Doppelt compared it to pre-Internet letter drives where groups provided people with information and told them to write their congressional representatives. One major difference, of course, is that those letters aren't printed in the mass media--and that the senders couldn't hope to send out thirteen hundred a day to win a coffee mug with a picture of George Bush on it.
"In an odd, goofy way you don't want to close this off," Doppelt said, "because there are one thousand other people who believe these things and think the same way they think, but they just leave it to someone who can write better:'
There's the rub. Doppelt also sees the importance of keeping real voices, original writing, and unique perspectives in our letters columns.
"The proliferation of it makes it annoying to the gatekeepers because you've lost the real freshness" he said.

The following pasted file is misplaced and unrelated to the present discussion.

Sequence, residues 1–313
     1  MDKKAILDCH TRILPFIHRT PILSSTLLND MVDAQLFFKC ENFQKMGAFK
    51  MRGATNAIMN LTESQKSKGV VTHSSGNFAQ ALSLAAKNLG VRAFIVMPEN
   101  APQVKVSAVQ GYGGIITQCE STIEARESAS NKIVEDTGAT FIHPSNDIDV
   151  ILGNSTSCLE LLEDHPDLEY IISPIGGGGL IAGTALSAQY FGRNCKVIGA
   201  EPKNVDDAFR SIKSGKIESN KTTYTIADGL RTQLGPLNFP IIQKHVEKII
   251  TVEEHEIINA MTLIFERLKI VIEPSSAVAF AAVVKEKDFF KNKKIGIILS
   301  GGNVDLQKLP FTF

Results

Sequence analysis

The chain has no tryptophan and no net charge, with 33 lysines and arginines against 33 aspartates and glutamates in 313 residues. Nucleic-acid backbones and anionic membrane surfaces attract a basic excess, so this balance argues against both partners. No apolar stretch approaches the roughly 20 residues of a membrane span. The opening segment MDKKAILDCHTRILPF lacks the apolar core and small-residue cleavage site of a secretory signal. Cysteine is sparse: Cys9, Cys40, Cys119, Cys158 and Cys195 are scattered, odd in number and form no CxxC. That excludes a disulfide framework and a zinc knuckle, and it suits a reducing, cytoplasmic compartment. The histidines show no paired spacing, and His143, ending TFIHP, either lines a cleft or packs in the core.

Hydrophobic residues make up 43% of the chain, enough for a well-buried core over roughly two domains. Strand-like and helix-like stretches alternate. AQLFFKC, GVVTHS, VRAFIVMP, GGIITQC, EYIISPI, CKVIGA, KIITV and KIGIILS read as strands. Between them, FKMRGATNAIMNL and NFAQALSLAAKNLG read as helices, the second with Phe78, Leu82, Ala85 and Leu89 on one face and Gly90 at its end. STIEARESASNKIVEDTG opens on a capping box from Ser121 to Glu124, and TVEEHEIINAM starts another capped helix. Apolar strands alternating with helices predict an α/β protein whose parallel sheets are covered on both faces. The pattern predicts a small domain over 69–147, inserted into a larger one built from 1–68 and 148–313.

The good ol' offense as defense
Rather than making these writers wear a scarlet "A" why not band together as a professional organization and make a stand for honest-to-goodness original thought?
* Begin by talking to your readers. As a profession, we have a deservedly dismal reputation for explaining what we do and why we do it. We often act like we are above or afraid of the people we are writing for.
* Write a column explaining your views on turf and how it shortchanges your readers. Help readers feel empowered to contribute and understand that their own words have more impact than someone else's.
* As an organization, we can take a firm stand by letting these think tanks and lobbying organizations know we're mad as hell and we're not going to take it anymore. NCEW carries weight as an organization, and we shouldn't just let this proliferate in silence.
If we don't fight the turf, we might as well paint the driveway green and call it a lawn.
Carolyn Nielsen is editorial page editor of The Bellingham Herald in Washington state. She writes from a perspective of editor and organic gardener. E-mail: email@example.com
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|Title Annotation:||Turf wars: the editor strikes back|
|Date:||Sep 22, 2004|